Cherenkov Radiation . Living the life of a young up-and-coming physicist in the revolutionary Soviet society meant also to be particularly receptive to the on-going radical revolution in fundamental laws of physics. The news of the 1919 triumphant confirmation of Einstein’s relativity theory was among the first to arrive in the country at the end of the Civil War and created a wave of public astonishment and obsession, made perhaps even stronger than in the rest of Europe by metaphorical associations with the concurrent political revolution. The year 1923 brought yet another radical crack in the established foundation of physics: the Compton Effect—electrons kicked out of their atoms by incoming x-rays—confirmed an even more daring prediction by Einstein that electromagnetic radiation behaves like an assembly of particle-like light quanta. In 1925 quantum mechanics revealed the new strange laws of microscopic particles at the atomic levels that contradicted not only the classical Newtonian mechanics but also seemingly the laws of reason and causality. Quantum mechanics’ relativistic generalization in the 1928 Dirac equation explained the Compton Effect and the electron spin, but also led to prediction of the yet unknown anti-electron and antimatter in general, which were seen as wild speculations even by the majority of otherwise radically inclined theorists. Shockingly, in 1932 anti-electron turned out in cosmic rays, and the discovery of the neutron—another previously unknown elementary particle—that same year shifted physicist’s interests to the emerging field of nuclear physics.

Although the news about the most recent breakthroughs often came to them with a certain delay, the young Soviet physicists jumped at every opportunity to contribute to the great developments in physics, often ahead of their more senior peers. In 1922 Alexander Friedmann revealed for the first time that Einstein’s relativity, when applied to cosmology, means that the Universe is not stable, but expands in what came to be called the Big Bang explosion. Upon receiving the first news about quantum mechanics, theorists Yakov Frenkel, Vladimir Fock, Igor Tamm, and Lev Landau immediately joined the new revolutionary theory and made important contributions to it. In 1928 Georgiy (George) Gamow pioneered the application of quantum mechanics to atomic nucleus with his theory of alpha-decay.

Despite its elite affiliation, the Physico-Mathematical Institute of the USSR Academy of Sciences, where Cherenkov began his aspirant studies, had been a very small and almost nominal institution. The main events in Soviet physics occurred elsewhere, in much larger and better funded universities and research institutes associated with industry. In 1932, however, the situation was about to change with the appointment of Sergei Ivanovich Vavilov (1891–1951) as the director of the institute’s Department of Physics.

A physics professor from Moscow State University and a newly elected member of the USSR Academy of Sciences, Vavilov was an expert in experimental research on luminescence—a kind of quantum interaction between light and matter typically observed as a property of some substances to glow long after being exposed to light or some other excitation (the phenomenon is used in luminescent screens). In the course of his research, Vavilov became a firm believer in Einstein’s light quanta and made their study his lifelong commitment in experiment. As director, he harbored broader ambitions and wanted to develop in his institute the most exciting and cutting-edge fields, in particular the study of the atomic nucleus. His appointment at the Physico-Mathematical Institute was connected with the plans by the academy to greatly expand and separate the institute into two independent ones, for physics and mathematics respectively.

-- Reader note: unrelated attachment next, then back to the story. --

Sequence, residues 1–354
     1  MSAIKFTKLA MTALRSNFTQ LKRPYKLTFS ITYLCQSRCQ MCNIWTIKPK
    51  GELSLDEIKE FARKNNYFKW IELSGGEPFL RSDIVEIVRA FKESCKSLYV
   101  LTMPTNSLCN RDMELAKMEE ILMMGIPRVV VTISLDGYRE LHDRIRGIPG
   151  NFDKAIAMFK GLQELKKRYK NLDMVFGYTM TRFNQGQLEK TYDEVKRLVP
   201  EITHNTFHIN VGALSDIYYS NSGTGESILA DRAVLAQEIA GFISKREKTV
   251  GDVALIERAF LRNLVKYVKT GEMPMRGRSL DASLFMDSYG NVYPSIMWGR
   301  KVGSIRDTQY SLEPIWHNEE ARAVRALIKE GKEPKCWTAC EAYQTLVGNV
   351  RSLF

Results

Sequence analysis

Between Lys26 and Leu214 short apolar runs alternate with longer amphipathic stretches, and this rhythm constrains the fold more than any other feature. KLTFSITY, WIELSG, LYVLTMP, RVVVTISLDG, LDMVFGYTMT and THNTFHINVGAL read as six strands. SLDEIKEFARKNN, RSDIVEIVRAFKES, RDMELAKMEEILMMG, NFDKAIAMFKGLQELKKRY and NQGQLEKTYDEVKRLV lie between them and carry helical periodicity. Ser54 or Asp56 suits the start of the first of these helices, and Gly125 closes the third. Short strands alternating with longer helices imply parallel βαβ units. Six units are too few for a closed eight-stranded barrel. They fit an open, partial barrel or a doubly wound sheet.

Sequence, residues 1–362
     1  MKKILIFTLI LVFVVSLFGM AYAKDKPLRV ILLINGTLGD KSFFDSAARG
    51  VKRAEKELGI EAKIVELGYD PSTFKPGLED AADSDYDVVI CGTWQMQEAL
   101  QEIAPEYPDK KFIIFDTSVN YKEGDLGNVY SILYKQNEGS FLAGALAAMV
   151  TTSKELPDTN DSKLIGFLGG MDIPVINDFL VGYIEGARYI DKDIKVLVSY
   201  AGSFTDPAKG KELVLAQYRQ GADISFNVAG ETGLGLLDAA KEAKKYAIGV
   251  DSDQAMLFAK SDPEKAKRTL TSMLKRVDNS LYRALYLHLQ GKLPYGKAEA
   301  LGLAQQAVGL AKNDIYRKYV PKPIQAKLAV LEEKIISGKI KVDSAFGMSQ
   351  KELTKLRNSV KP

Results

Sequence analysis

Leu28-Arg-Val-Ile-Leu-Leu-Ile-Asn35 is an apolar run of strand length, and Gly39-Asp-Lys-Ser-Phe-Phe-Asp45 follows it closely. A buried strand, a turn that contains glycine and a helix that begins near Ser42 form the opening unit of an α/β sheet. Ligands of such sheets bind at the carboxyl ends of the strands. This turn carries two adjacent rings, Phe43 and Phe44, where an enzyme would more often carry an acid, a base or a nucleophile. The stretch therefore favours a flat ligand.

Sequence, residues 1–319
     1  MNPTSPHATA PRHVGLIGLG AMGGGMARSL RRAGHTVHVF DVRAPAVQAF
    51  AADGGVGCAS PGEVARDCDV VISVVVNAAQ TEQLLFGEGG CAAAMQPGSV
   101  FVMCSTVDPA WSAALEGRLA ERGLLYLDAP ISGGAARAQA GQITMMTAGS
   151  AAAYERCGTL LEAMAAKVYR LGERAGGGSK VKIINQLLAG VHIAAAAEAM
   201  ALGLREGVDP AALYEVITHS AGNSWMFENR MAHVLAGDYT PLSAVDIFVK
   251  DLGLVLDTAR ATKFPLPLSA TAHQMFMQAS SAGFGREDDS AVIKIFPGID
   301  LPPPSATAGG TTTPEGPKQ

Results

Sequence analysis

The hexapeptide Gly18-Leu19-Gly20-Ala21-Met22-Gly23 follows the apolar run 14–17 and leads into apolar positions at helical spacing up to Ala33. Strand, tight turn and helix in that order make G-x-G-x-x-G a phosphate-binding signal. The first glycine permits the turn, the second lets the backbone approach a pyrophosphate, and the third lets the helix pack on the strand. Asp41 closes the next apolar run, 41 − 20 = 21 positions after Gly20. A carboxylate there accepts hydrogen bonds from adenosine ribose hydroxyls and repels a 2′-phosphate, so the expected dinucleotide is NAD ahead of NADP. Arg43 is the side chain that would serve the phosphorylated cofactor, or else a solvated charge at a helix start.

The institute’s only specialist in nuclear physics, Gamow (1904–1968), decided to stay in the West and did not return after attending the 1933 Solvay conference in Brussels. In a bold administrative move, and also in the spirit of revolutionary times, Vavilov entrusted several aspirants to start nuclear research on their own, while appointing himself the pro forma head of the nuclear laboratory to ensure administrative protection. Cherenkov received a more precise assignment, a fusion between Vavilov’s own research program in luminescence and the new interest in nuclear physics. He was asked to study what happens to luminescent solutions of uranium salts excited not by ordinary light, as in the common method, but by much more energetic gamma rays from a radioactive source.

Cherenkov Radiation . Earlier in the 1920s, when economic conditions were extremely poor, Vavilov with coworkers developed a clever observational method for registering extremely faint luminescence—almost at the threshold of single light quantum—by using an experimenter’s naked eye adapted to greater sensitivity by several hours spent in complete darkness. Cherenkov mastered this technique and applied it in his study of luminescence induced by gamma rays in uranium salt solutions. An extremely diligent and meticulous observer, he noticed that gamma rays also produced a faint background blue glow in ordinarily nonluminiscent pure solvents, such as sulfuric acid or water. Vavilov’s expertise helped him to recognize the effect as a new phenomenon, different from luminescence. The institute’s unpublished annual report for 1933 first mentioned the discovery of a new radiation in pure liquids by aspirant Cherenkov working under Vavilov’s supervision. The publication came in 1934 as two back-to-back papers in Doklady (Reports) of the USSR Academy of Sciences: one by Cherenkov on the experimental discovery of the “blue light,” and another by Vavilov with theoretical discussion of the observed results. Vavilov attributed the radiation to Bremsstrahlung, or “stopping radiation,” emitted by rapidly decelerating Compton electrons that had been dislodged from their atoms by incident gamma rays.